He is single, he has no other commitments every other day he talks about going to Banaras or somewhere and retire and I keep telling him that God didn’t create him to retire and meditate. He has to be fixing all these problems So he gives me extension every six months Guruji. So at the end of six months the usual rigmarole starts, he talks about retirement and everybody is depressed in the hospital. So how do you deal with this kind of people? Sadhguru: You must you must give him a one year sabbatical with me Yes, because the need or the idea of retirement enters anybody’s mind because of the monotony of what they’re doing, whatever it may be.
Somebody else may think it's a great thing but in your experience somewhere it's becoming monotonous or stagnant. Stagnation is one thing that human intelligence and human system cannot take. And most of the ailments are because of stagnation stagnation of life. They may be… they may be getting their you know once in three years promotion. They may be making little more money. All these things may be happening but somewhere experientially there’s a stagnation, which could be a major cause for many of the complex ailments that people manufacture within their systems.
The more complex they get you try to create more talented surgeons. I am saying we are manufacturing the problems, we are trying to manufacture a solution. I think as we offer solutions people who have adl… already gotten into problems, they need solutions. But it's very important that we teach people how not to create these problems, so that instead of fifty, you have to produce five thousand expert surgeons to attend to all these people who are on self-help to illness. So I would say a surgeon who is who has a certain competence and who has worked through his life, if he wants to explore something of his own nature, that will be the greatest thing to do because he is not a man without commitment nor competence. When competence and commitment is there, you should not run him through the rig ram role (rigmarole?) and destroy that possibility. It’s important that he explores something of his own nature, which will make him We don't know what he’ll come up with.
You cannot even estimate what he may come up with. I think a sabbatical is good. He may come up with something that you have not thought possible. Devi Shetty: I will… I will convey your message Sadhguru. I am sure he is watching this program.Read More
Why is Singapore one of the top choices for
retirement? Huh? Really? Isn't Singapore one of the most expensive cities in the world? Hello!
Sky high property prices and ridiculous car prices with COE shooting through the roof! So
why would Singapore be considered one of the top choices for retirement? As we Singaporeans
always say Sure boh? Well before I set some context to today's video, a short introduction.
one half of the Corporate Breakout Couple. In 2020, my wife Fran and I retired young in Singapore and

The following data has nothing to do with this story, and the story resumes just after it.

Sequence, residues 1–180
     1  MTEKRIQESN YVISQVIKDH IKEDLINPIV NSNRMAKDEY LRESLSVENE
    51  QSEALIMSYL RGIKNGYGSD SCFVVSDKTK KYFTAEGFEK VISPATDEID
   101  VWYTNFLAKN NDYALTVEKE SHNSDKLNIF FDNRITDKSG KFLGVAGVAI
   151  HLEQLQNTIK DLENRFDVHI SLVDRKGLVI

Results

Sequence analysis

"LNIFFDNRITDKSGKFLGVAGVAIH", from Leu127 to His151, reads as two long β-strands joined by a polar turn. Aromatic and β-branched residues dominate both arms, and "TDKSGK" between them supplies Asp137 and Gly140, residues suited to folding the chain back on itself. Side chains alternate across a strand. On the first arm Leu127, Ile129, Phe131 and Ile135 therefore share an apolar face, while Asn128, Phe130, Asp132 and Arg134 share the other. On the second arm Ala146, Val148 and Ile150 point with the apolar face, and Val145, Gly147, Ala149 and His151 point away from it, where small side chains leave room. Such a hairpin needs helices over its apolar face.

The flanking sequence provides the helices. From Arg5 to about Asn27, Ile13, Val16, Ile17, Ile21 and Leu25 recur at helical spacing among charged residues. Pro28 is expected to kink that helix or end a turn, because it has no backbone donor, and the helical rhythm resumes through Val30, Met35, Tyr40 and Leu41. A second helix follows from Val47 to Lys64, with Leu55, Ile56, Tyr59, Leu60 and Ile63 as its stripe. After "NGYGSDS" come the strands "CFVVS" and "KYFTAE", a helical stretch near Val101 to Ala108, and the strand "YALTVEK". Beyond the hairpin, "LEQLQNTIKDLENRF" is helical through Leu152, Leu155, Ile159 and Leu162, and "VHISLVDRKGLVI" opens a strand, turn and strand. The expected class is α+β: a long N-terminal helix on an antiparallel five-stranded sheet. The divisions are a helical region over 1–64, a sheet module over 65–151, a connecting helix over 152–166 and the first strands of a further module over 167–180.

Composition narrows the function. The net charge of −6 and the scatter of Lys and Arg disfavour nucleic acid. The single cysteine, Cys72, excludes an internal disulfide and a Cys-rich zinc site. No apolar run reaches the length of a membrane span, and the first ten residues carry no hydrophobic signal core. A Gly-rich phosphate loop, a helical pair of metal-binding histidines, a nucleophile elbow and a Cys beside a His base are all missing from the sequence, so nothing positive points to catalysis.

we love making retirement videos. Okay, let me set some context. First, I'm addressing Singaporeans and
Permanent Residents and because this group of people will have no issues staying in Singapore
for the long term. For foreigners without PR, I'd like to share with you some reasons in today's
videos why you want to make Singapore your Top Choice as a retirement destination.
means of course getting a leg into Singapore first working here, getting your employment pass
and then getting your PR and then eventually getting your Singapore citizenship. Allow
me to share with you the beauties about my beloved Singapore. For one, we have world-class
infrastructures and amenities. For example the transport system. The public transport system is
amazing from the buses to the MRTs, they're so well connected and very nicely air conditioned and very
clean as well. Number two: Safety and Security. That is something that we should never ever take for
granted, even though Singapore has a low crime rate. Remember low crime doesn't mean no crime.
Number three: Singapore is a cosmopolitan city and diverse in culture. As a foreigner, you will
feel right at home here. Number four: Singapore is a clean and green city, one of the cleanest in
the world. Look what's going on behind me. People are cleaning up the beach voluntarily. Number
five: Racial harmony.
Singapore has many races and multiple religions and Singapore has
done a great job to keep everyone living harmoniously. I would like to talk about the cost
of living in Singapore. In today's times, the perception of Singapore Incorporated, that's how
we call it, is that it's a very expensive city to live in. That may be true from outside looking
in but for Singaporean and PR who's working and living here, it's important to have context with
respect to your earning capacity, your salary, with respect to your quality of life which is your
basic needs and your wants, and importantly with respect to your purchasing power in Sing dollars.
If you actually dive in into the numbers, you'll find that there's certain cost categories that's
pretty affordable such as your public transport and your Hawker food. If you are Singaporean or PR
earning $5,000 SGD every month and the cost of a unlimited bus and MRT ride card cost $128 SGD,
that's only 2.5% of your total salary. What about Hawker food? You can find meals going
for three to four SGD and that's a very small percentage of the salary.
What about cooking
at home? Cooking at home can be really economical as well and you can find everything in Fair